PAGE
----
Grass in the neglected lawn is super thick. There's nail heads along the top to discourage crawl-outs.

So here we are in mid-September, checking the traps twice a day. I found a grey mouse nibbling the peach I left the other day, so right now I'm a little discouraged about the evidence I've found of tortoise activity.

My heart is being filled with images of y'alls little and big torts. Thanks for putting up photos of your friends, and thanks for reading this very long post about Scratchy. If/when he returns, I'm changing his freakin' name to Houdini.
 

wellington

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So sorry for all your tortoise problems, specially the death. I would get ahold of the person that found him last time. Most likely he will be somewhere between your house and theirs. Strawberries are are fave of most torts and the red color attracts most torts too. Lay some out in the area between the two places. I would probably pic them up at night so the wild animals that could harm your tort are less likely to come for the food. Your tort will not be traveling at night, he will hunker down so there's no need for a trap or food to lay out then. Look in the a.m. When the sun comes out, he will want to warm up. Look under bushes, they seem to like filtered light more then just out in the open. Plus their enemies come from above, so they like cover. Good luck and yes it can happen again that you find him.
In the mean time, better pics of your enclosure so we can better help you escape proof it.
 

wellington

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Btw, that picture with your hand, an easy escape route for a tortoise. Ruff rock and wood and no where near high enough sides.
 

NolaBillie

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Joined
Sep 6, 2015
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New Orleans
Ahh! Ok, Wellington, thank you for the advice! Seriously, my enclosure was obviously NOT so great as I thought. So are you saying rough sided rock is bad? And how high should the sides be? It's between 7-8" at the lowest places now.
 

NolaBillie

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Sep 6, 2015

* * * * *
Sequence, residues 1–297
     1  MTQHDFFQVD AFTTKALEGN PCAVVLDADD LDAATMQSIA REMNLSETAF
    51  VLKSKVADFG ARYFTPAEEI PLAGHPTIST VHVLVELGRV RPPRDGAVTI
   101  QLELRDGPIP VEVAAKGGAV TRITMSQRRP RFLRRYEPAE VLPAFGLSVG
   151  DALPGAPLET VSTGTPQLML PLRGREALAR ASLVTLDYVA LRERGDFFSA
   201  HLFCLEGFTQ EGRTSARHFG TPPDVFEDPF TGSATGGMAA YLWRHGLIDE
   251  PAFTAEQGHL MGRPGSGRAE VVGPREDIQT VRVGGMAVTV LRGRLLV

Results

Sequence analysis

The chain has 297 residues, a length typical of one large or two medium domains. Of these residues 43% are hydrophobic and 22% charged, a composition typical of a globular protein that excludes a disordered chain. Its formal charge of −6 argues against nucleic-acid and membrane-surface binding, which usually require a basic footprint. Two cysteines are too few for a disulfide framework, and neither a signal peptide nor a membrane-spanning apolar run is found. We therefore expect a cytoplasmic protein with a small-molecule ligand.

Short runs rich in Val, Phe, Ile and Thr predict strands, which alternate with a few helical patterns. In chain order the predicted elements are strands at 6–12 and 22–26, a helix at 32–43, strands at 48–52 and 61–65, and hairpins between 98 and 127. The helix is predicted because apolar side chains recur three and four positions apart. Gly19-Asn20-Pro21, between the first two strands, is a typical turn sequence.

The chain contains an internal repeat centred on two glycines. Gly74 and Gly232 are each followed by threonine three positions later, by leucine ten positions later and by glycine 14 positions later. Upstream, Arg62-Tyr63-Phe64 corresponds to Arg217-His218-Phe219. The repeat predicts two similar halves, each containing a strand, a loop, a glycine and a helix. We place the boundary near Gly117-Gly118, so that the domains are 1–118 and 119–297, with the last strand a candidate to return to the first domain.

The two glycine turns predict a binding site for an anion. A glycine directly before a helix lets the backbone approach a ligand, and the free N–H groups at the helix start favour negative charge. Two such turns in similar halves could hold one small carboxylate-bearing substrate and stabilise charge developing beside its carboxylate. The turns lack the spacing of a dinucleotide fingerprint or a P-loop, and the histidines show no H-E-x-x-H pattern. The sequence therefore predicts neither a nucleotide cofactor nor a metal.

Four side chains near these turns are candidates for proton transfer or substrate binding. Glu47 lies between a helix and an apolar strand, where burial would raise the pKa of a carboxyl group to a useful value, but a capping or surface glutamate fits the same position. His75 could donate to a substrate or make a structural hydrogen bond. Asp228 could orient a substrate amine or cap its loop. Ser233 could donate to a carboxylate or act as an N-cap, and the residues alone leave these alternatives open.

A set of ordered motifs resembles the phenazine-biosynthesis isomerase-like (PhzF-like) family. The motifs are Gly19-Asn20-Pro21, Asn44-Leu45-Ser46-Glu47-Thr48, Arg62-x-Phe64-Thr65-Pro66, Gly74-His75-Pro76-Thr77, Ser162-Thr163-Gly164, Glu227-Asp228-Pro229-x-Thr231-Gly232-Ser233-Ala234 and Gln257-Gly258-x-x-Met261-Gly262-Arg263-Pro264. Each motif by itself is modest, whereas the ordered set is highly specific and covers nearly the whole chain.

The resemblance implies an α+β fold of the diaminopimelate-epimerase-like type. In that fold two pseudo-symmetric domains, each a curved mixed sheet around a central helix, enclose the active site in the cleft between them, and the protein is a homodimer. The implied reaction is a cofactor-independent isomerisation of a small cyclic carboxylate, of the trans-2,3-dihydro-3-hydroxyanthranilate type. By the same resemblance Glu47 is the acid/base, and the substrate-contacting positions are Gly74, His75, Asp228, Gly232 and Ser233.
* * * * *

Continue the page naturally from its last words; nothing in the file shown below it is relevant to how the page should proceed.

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New Orleans
Oh and Chris is on the job:) He was the first person I contacted, especially since I knew he had a soft spot for torts. We've gone into his yard and looked, nothing yet. But I'm still hopeful since in four months, there wasn't that much ground covered last time. At least none of my neighbors have dogs.
 

newCH

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So.FL
I hope you find Scratchy soon. I am afraid that when you do get him back he will need a very strong enclosure since he might try to escape again and he has had a taste of freedom.
I do feel for you, we have a red eared slider in a pond like container outside.
I was cleaning his container & put him in a temporary box. I looked away for a few minutes & he was gone. I looked around and couldn't find him. He was about 3 inches big then. My husband called from work & I abruptly told him, "Cant talk, I just lost the turtle in the yard, gotta go!" I found him a few hours later camouflaged under a bushy area under the edge of the fence.
He'd even dug himself into the dirt a bit, so he was not totally visible.
I was so happy to find him. He is now called Houdini.
I hope you find Scratchy. Best of luck ~
 

Scute Mob

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Sep 7, 2015
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Eastern CT
Best of luck finding your little guy! It is always heartbreaking to lose a pet, whether it be by disappearance or death. Don't give up, I hope to see that you eventually find him!
 

SouthernRFT

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Jun 29, 2015
Messages
53
Ahh! Ok, Wellington, thank you for the advice! Seriously, my enclosure was obviously NOT so great as I thought. So are you saying rough sided rock is bad? And how high should the sides be? It's between 7-8" at the lowest places now.
I keep all my little guys outdoors in tubs. Grab yourself a concrete mixing tub throw in some cypress mulch and some hides keep it damp and humid. Then cover the whole top in some hardware cloth mesh. Either build a wood frame and attach the wire or just cover it and leave excess to anchor down with bricks. Drill holes in the tub several small ones in case it rains and your not home so it can drain. also cover a portion for shade.

Otherwise if you want a more substantial enclosure get some lumber and build some nice high walls with 2x8s stacked two high with 4x4 posts in each corner and use some good exterior screws to tie it all together. I personally think the little ones are better off in smaller enclosures when they are young. Too many predators can nab them if left outdoors uncovered.

Good luck on finding him